I liked typing on the Apex Pro Mini, but I didn’t love it. I liked the way the double shot PBT keycaps felt — their slight texture helped keep my fingers from stray too far from the keys. That said, linear switches will always feel a little spongy to me, and the lack of tactile feedback did affect my typing speed and accuracy.

(Image credit: Tom's Hardware)

For reference, I tend to average around 120 words per minute (wpm), with around 98% accuracy, on a keyboard with tactile feedback. On the Apex Pro Mini, my fastest typing speed was 106 wpm with 96.3% accuracy — slower than my norm, though not by a lot. These results were achieved when I had the actuation set to the lowest (0.2mm). 

I also tested the keyboard with the actuation set to 1mm (103 wpm, 97.1% accuracy), 2mm (104 wpm, 96.8% accuracy), and 3.8mm (92 wpm, 89% accuracy). As you can see, my speed and accuracy dropped at the highest actuation setting — it appears I don’t usually type with full, 3.8mm-deep keypresses, and so I kept missing letters when the actuation was set higher.

Gaming Experience on the Apex Pro Mini

The Apex Pro Mini might not be my first pick for typing, but it’s much more attractive for gaming — which is what it’s made for, anyway. Both the Apex Pro Mini and the Apex Pro Mini Wireless are compatible with Windows, PlayStation, Xbox, and Mac OSX (though not all software features are supported on OSX). 

I had trouble getting used to secondary keybinds while I was using the Apex Pro Mini for writing, because they just didn’t feel intuitive to me (and the legends on the sides of the keys were hard to read, especially with the board’s bright RGB). When I’m typing, I expect the arrow keys to be…roughly where the arrow keys are on a full-size keyboard, not as secondary keybinds on W, A, S, D.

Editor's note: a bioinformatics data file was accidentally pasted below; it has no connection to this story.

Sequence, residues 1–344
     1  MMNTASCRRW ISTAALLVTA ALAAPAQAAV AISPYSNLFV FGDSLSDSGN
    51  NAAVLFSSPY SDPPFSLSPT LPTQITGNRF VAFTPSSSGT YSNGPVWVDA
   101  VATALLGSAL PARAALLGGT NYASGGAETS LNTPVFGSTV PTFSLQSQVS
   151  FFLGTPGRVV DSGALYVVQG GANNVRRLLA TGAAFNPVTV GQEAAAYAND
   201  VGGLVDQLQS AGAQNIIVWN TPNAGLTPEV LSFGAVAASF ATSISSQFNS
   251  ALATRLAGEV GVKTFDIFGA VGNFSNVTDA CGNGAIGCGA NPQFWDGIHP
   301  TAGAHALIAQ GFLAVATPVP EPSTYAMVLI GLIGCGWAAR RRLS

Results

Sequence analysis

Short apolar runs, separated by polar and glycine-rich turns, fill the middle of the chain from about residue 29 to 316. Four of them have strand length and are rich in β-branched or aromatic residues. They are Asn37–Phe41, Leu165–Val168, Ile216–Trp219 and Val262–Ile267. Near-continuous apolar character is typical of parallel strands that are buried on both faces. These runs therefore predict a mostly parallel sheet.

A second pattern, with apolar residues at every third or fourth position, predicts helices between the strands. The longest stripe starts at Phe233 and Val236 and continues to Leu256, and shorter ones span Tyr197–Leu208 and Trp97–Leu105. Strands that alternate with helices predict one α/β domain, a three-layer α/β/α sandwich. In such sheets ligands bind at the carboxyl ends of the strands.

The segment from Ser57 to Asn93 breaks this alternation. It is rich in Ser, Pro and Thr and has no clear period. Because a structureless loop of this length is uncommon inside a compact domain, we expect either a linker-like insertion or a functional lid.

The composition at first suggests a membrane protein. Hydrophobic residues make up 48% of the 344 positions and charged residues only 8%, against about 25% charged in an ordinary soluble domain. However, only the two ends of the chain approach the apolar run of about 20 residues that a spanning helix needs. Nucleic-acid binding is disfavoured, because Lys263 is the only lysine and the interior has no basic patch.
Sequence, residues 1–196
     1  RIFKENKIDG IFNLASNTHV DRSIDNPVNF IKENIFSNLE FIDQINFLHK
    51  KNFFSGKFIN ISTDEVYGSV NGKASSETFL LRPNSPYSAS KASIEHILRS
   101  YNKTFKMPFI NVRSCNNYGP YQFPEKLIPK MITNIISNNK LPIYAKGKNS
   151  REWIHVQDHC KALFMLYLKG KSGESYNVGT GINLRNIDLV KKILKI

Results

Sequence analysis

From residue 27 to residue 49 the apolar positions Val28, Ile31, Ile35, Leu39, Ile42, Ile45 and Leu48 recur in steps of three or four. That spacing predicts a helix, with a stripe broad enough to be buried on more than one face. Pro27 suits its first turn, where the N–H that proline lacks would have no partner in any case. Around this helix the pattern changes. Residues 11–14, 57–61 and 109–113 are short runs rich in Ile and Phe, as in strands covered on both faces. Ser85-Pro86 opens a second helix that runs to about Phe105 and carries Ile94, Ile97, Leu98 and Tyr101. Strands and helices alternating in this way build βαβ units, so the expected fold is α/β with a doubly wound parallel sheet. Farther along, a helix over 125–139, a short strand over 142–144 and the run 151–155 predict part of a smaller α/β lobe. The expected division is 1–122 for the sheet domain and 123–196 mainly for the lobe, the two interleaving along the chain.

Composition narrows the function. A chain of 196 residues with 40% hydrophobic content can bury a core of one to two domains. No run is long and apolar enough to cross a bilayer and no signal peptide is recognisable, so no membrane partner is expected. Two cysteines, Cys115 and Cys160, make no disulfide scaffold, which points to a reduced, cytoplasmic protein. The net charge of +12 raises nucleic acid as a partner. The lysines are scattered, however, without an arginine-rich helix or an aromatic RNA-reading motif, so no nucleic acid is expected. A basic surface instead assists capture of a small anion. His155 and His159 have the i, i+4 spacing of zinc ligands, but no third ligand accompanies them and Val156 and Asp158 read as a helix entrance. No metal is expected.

Gaming, however, was a totally different story. The secondary keybinds were much more intuitive-feeling to me when I was gaming. And it didn’t matter which game — I went through my Steam library and played everything from Subnautica: Below Zero to Euro Truck Simulator 2 to Elden Ring (though I personally think Elden Ring is still best played with a controller). As a keyboard for typing, the 60-percent layout of the Apex Pro Mini is, honestly, just a little too small. But as a keyboard for gaming, it’s pretty good — I even adapted pretty quickly while playing Elder Scrolls Online, and I basically need two full keyboards’ worth of keys to feel satisfied in an MMO.

(Image credit: Tom's Hardware)

SteelSeries is really pushing the dual actuation on its new OmniPoint 2.0 switches. And it’s an interesting feature, once you figure out…what it is. 

It sounds relatively simple: Dual actuation — or, rather, dual action keypresses — lets you set two different actions, which are activated at different actuation points, for a single keypress. SteelSeries says this will let you do things like “walk and then run” or “pull out a grenade and then throw it.”